BY Michael Rowe
January 23 2001 12:00 AM ET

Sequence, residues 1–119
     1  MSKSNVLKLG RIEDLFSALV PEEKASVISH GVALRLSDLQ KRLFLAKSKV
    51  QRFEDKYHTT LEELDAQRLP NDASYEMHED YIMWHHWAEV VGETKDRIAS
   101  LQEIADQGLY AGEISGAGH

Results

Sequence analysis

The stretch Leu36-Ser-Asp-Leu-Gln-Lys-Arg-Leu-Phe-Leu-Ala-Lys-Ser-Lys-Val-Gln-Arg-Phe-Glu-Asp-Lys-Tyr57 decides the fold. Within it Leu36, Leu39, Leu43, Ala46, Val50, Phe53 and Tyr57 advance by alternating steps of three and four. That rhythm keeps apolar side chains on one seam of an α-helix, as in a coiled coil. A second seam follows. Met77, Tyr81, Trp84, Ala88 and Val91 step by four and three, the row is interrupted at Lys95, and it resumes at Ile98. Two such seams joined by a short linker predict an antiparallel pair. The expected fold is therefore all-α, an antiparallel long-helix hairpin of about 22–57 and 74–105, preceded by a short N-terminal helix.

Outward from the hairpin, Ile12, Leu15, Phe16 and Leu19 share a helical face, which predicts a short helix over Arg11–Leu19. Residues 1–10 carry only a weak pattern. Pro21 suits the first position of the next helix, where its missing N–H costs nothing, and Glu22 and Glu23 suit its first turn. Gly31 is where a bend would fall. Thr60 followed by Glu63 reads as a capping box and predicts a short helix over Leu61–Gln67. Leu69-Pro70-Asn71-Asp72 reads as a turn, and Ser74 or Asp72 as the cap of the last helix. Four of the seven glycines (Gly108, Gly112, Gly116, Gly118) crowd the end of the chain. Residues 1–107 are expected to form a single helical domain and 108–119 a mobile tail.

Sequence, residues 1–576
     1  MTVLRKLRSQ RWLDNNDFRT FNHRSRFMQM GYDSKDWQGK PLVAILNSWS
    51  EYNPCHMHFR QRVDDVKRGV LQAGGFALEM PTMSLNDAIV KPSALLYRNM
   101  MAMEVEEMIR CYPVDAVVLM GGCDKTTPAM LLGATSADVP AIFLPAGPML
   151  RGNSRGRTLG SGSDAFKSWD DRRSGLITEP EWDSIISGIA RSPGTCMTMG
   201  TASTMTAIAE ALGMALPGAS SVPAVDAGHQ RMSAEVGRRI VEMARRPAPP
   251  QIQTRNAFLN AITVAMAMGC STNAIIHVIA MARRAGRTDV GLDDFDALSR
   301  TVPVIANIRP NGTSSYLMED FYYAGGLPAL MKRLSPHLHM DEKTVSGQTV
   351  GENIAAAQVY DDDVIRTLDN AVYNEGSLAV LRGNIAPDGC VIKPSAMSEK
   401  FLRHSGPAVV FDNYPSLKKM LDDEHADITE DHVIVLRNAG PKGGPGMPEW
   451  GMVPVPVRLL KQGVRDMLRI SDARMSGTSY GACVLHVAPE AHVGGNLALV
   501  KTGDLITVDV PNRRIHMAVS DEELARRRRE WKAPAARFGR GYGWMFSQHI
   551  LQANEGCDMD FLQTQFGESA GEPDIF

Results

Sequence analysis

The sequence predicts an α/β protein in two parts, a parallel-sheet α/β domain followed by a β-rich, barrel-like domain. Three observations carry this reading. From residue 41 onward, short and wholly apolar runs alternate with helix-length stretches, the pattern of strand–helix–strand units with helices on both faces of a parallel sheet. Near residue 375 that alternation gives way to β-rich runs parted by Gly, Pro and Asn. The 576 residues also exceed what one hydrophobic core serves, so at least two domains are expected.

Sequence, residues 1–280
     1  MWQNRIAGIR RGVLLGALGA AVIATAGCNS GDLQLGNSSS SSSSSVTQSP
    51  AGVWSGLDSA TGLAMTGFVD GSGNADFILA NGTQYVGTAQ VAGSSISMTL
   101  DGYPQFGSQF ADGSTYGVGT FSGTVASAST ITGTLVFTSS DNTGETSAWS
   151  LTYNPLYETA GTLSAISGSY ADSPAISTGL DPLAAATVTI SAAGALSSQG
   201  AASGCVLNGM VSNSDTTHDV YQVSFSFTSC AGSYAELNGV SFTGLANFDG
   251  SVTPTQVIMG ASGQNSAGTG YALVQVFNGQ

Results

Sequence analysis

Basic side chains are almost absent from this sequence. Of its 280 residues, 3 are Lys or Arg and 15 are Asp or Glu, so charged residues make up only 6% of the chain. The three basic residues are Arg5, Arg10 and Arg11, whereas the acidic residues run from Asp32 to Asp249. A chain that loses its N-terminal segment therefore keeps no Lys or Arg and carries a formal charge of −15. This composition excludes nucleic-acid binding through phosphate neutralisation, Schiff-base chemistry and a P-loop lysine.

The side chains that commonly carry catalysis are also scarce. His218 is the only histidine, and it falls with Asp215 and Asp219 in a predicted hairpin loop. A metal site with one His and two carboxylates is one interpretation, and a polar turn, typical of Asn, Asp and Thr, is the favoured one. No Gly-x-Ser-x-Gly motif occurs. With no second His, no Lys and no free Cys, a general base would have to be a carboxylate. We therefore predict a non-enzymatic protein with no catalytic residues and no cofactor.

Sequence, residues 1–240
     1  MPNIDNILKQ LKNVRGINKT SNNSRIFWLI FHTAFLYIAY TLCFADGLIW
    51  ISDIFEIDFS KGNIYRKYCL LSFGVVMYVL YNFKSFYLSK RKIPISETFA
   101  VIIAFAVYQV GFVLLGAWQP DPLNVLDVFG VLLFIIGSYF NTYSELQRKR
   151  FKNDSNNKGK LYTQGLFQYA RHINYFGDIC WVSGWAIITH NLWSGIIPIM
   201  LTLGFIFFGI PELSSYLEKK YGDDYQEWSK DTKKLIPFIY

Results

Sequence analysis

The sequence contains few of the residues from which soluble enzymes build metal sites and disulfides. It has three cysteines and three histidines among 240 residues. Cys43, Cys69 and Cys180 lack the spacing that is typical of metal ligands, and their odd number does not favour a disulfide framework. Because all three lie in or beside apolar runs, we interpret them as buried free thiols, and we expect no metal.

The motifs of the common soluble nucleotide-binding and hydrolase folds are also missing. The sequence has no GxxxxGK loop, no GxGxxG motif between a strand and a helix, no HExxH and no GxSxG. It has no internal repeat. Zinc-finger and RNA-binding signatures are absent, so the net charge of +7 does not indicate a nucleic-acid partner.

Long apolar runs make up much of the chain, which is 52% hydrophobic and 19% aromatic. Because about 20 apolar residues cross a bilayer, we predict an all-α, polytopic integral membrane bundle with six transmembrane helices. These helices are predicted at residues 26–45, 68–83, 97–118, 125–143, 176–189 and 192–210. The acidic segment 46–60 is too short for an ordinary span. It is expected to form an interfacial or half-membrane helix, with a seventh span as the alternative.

The tall, slender man locking his bicycle outside an unpretentious Toronto restaurant is wearing a fedora tilted down over his eyes in a way that suggests a desire for great distance, as though a veil of inviolability has been drawn about him like an invisible cloak. On someone else, the hat might be a bohemian affectation. For 32-year-old actor Gale Harold, it’s a practical strategy. Anonymity—or inviolability, for that matter—has become a rare commodity in the 13 months since his character, Brian Kinney, the gay white shark of Showtime’s Queer as Folk, seared himself into gay consciousness and pop culture. If Harold could mark off more private territory—for instance, never do another celebrity profile—he would. Questions about what it’s like to be a straight man playing gay or what it feels like to be so handsome exasperate him beyond distraction. He doesn’t like fame or trust its motivation. “I’m grateful for the attention,” he says of his fans’ devotion, “because it validates that I’m doing something.” But even as he says this, Harold points out that it sounds like something hundreds of overexposed celebrities have already said. Ãs he talks, reaching past the conventions of celebrityspeak for something truer, you begin to realize that if you thought this man was just some diva of the month, you could not be more wrong. “Gale has very strong opinions, and he’s very political,” says Queer as Folk executive producer Ron Cowen, with no small measure of pride. “Sometimes I think he’s the smartest person I’ve ever met. I know a lot of smart, well-educated, well-read people. But there’s something about Gale where it takes a leap from education or keen intelligence to some other place. Genius is a cheap word, especially in Hollywood. But he’s really smart.” Inside the restaurant, the waiter has brought him a cup of tea, and we have ordered lunch. “How could I not be ambivalent?” Harold says, talking about his new fame. (He’ll reluctantly, and with some humor, accede to being a “semi–junior league star.”) “If being famous means that you get to work on great projects all the time, with great people, then my idea of fame may include that. But,” he says with distaste, “it doesn’t necessarily include—fame.” Harold acknowledges that television culture creates a spurious intimacy. “There’s a genuine human impulse to want to know more about people you’re interested in, for whatever reason,” he says. “But that impulse has been manipulated as an industry—a bad industry—to sustain itself. It can be tweaked by publicists and studios. It didn’t develop as a benevolent machine to provide more pleasure to people. It developed as a tool to sustain itself.” Nevertheless, the story of Harold’s casting in Queer as Folk has that Hollywood-miracle aura that publicists love. Executive producers Cowen and Daniel Lipman, the Emmy-award winning writers of the groundbreaking AIDS drama An Early Frost and the long-running drama series Sisters, had acquired the American rights to the British drama series Queer as Folk. They had already cast actors Scott Lowell, Peter Paige, Hal Sparks, and Randy Harrison as a group of gay friends whose intertwined lives would form the basis for the American version of the story. The casting had been nightmarish for Lipman and Cowen because agents wouldn’t send their clients in to read for the parts in the show. The part of Brian Kinney was particularly difficult. “Here’s a gay man, very sexual, very masculine, not the kind of gay character people are used to seeing,” says Lipman. “If he were a straight male character fucking every woman in sight, he’d be a hero. So this was not like the other roles, and that was part of the difficulty.” “It was an extremely distressing experience trying to cast Brian, because of what we discovered to be the massive amount of homophobia [in Hollywood],” says Cowen. “We were so shocked and so upset, because we went into this thinking that in the years since An Early Frost things had changed. What we had discovered was that things hadn’t changed one iota.” Late on a Friday afternoon, with an 8:30 a.m. Monday meeting scheduled to introduce their cast to the Showtime executives, Lipman and Cowen still didn’t have their Brian Kinney. “It was a test of faith, and by Friday at 5 p.m. faith was running out,” Lipman says ruefully. At 5:45 p.m., their casting director called. “She said, ‘Come on over right now, he’s here!’” Lipman recalls. “In walks Gale Harold, and we’re looking at him and he’s reading the scene, and Ron and I are looking at each other, and it’s like, Is he fucking fabulous? “He fell out of the sky,” Cowen breathes. “There’s truly no other explanation.” Lipman asked Harold to be at the Showtime offices in Los Angeles at 8 a.m. on Monday. “He lit up a cigarette, and, very Brianesque, he said, ‘I’m with this repertory company, and we have to strike a set on Sunday night, and I don’t think I can make it.’ And we’re thinking, Is he for real? Who says that? We’ve been in Hollywood too long. What do you say to that?” Lipman laughs, shaking his head in disbelief. He pressed a copy of the script into Harold’s arms and asked him to read it and call them at home the next day. “I was standing in the kitchen,” Cowen remembers, “and the phone rang and a voice said, ‘Hi, this is Brian Kinney.’”
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